The device was carried in the rendezvous car to the site of the emergency. Samples for tests which included blood gas analysis were taken from an artery with a 26G needle and a heparinized syringe; samples for electrolytes alone were taken from an artery or vein. Additionally, a form was completed by the emergency physician which included the following two questions:

1. Was knowledge of the measured parameters helpful to your diagnosis or treatment?

2. Did you change your therapy due to the prehospital tests?

The emergency physician obtained and interpreted the measurements, and performed the resulting therapeutic interventions at the site of the emergency. All emergency doctors were anesthesiologists at the Department of Anesthesiology and Critical Care Medicine with more than 2 years' experience in prehospital care.

All data were recorded and evaluated after completion of the study. A retrospective investigation of the outcome of the patients and the accuracy of the tentative diagnosis was not performed. The study aimed to evaluate the management and usefulness of a new transportable blood analyzer at the site of an emergency, and the immediate therapeutic consequences.

A prerequisite of the study was not to disturb the essential treatment of emergency patients. The study was approved by the ethics review board of the University.

Technical description

The IRMA Blood Analysis System is one of a new class of instruments which are used for what is termed `point-of-care testing' (POCT) [2], indicating that it can be used wherever the patient may be to measure blood gases and pH, as well as the electrolytes sodium (Na), K and Ca2+.

The device consists of the analyzer and two types of cartridge, one labeled `blood gases' and the other `electrolytes'. Each cartridge is prepackaged with a calibration gel covering the sensors, and with a short fluid filled pouch which stabilizes the humidity. The calibration of the sensors takes place automatically when the cartridge is inserted into the IRMA blood analyzer; there is no need for calibration gases or fluids. Quality control calibration is performed with delivered control reagents. The instrument can only be filled using a syringe, and the blood sample (minimum = 0.2 ml, maximum = 3.0 ml, recommended amount = 1.5 ml) must be injected with dosed power into the filling gap of the cartridge. The instrument measures barometric pressure and determines pH, pO2, and pCO2 by analyzing the sample in the blood gas analysis (BGA) cartridge; additional parameters are also calculated (see Table 1). Using the electrolyte cartridge, Na, K and Ca2+ are determined. The accuracy of the measurements from the IRMA blood analyzer have been validated in previous studies [2,3]. The device has the size (29.2 × 24.1 × 12.7 cm) and weight (1.35 kg) of a small laptop computer, and each cartridge weighs 19 g and is 9.9 × 5.6 × 1.3 cm in size. The exchangeable batteries operate for 2–3 h and are recharged by an external charger.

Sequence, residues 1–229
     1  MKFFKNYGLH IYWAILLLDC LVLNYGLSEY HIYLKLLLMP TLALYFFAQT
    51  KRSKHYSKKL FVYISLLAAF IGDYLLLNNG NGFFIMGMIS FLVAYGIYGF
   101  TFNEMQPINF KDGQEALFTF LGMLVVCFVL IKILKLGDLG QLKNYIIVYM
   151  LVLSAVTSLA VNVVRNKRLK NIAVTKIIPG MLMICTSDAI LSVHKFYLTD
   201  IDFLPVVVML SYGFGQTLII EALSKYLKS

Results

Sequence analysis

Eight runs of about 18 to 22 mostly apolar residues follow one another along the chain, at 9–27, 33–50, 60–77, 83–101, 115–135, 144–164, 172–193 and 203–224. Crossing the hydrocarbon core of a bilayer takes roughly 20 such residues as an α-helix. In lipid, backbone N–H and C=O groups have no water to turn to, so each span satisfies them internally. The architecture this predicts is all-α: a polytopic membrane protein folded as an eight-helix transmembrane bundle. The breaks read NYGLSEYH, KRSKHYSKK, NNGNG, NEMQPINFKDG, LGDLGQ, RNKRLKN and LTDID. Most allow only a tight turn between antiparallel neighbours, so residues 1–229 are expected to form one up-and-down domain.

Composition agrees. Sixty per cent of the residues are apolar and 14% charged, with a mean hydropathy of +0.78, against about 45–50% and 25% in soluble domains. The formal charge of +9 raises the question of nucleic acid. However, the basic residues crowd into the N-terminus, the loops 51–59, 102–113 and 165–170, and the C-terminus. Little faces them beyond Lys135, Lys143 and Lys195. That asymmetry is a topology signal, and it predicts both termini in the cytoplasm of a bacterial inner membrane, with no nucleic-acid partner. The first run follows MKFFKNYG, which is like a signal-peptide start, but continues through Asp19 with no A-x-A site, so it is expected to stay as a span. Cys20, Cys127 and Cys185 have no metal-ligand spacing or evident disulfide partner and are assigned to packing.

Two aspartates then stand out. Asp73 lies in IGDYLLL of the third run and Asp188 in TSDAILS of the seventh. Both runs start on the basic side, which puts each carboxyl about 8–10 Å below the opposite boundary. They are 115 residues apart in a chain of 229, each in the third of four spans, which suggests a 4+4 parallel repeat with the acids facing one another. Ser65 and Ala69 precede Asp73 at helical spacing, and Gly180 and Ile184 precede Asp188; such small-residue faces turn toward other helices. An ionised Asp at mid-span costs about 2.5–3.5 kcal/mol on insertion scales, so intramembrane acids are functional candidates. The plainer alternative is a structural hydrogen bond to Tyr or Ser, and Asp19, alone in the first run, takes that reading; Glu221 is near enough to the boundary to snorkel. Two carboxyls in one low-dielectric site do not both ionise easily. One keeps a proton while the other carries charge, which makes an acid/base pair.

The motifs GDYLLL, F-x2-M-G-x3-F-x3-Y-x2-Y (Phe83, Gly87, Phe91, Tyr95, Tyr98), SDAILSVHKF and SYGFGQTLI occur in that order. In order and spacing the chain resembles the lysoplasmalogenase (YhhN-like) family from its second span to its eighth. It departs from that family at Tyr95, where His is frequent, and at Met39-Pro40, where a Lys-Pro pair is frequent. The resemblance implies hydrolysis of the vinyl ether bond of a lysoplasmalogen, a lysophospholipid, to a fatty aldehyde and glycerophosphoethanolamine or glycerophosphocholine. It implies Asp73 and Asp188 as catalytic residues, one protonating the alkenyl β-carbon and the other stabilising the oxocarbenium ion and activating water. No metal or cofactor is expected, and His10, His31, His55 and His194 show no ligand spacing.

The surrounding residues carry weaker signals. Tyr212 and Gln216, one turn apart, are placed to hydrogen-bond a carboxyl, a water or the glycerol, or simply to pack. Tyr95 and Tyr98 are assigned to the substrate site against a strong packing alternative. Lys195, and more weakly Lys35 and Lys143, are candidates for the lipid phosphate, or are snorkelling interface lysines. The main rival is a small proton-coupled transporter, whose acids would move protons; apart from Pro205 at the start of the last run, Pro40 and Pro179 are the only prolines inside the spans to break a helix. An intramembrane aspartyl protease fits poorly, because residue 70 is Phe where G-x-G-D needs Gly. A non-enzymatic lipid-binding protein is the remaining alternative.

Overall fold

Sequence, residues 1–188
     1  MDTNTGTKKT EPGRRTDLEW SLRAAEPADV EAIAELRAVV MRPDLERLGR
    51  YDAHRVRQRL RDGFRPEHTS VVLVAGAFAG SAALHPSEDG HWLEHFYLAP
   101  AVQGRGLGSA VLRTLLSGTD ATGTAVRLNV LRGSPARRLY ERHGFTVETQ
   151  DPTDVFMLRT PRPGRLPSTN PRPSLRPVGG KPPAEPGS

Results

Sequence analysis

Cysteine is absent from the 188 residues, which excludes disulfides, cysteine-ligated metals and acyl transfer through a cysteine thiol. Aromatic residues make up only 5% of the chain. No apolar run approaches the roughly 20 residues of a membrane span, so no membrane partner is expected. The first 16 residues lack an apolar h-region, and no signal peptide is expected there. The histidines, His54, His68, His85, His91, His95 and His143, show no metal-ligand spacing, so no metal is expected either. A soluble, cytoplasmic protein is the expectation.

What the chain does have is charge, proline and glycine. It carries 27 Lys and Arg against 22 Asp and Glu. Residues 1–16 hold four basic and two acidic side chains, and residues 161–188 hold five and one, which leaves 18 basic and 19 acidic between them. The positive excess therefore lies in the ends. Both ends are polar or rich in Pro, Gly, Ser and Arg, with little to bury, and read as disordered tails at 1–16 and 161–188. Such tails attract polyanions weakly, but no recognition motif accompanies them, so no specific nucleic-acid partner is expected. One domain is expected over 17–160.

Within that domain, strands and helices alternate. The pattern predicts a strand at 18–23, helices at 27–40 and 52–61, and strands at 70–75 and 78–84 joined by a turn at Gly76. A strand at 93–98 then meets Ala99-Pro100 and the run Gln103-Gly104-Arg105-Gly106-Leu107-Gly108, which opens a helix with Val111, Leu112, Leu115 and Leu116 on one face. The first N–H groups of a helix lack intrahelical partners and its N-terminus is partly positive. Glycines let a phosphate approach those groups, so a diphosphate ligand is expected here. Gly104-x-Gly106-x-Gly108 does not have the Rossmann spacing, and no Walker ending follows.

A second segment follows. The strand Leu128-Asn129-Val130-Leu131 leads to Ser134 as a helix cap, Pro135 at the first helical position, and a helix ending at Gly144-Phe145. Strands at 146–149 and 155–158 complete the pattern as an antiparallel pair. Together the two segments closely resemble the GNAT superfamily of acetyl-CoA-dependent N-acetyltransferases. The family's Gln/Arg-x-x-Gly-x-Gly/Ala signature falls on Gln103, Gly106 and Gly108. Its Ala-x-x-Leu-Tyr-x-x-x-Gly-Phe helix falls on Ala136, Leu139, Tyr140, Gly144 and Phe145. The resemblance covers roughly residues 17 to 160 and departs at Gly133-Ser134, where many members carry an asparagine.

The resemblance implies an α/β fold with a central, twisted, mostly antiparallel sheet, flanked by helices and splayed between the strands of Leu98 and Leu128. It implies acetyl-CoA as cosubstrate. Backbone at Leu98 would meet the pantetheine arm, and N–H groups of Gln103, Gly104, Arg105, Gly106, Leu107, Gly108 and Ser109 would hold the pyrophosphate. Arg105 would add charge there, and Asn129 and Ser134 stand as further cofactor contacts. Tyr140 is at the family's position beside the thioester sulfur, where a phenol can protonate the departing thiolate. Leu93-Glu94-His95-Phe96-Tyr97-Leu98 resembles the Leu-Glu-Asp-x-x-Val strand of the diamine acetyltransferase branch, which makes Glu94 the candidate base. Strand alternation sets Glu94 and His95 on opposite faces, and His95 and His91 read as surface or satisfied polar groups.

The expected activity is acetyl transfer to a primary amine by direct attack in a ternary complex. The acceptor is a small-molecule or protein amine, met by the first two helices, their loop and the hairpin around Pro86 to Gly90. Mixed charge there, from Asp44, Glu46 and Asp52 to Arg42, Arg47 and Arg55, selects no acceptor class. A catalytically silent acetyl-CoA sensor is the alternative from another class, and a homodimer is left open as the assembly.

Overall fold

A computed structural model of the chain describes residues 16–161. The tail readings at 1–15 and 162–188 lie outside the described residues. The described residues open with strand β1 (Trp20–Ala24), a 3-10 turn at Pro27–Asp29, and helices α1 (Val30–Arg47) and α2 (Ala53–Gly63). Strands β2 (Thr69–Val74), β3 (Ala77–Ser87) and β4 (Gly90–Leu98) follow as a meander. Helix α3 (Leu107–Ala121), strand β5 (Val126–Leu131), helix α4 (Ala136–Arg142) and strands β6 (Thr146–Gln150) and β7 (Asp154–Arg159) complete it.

Data entry into the analyzer is performed through a back-lit interactive touch screen. The menus guide the user through the operation process with directly labeled buttons. An on-board printer provides a hard copy of results either automatically or on demand. An RS232 port on the back of the unit allows the downloading of data to a personal computer or other data collection system.

The price of the IRMA Blood Analysis System is approximately ATS100,000 ($10,000). Each cartridge (used for one measurement, blood gases or electrolytes) costs about ATS100 ($10). The single-use disposable cartridges can be stored for 12 weeks in normal ambient temperature (12–30°C). The device is Food and Drug Administration (FDA) approved.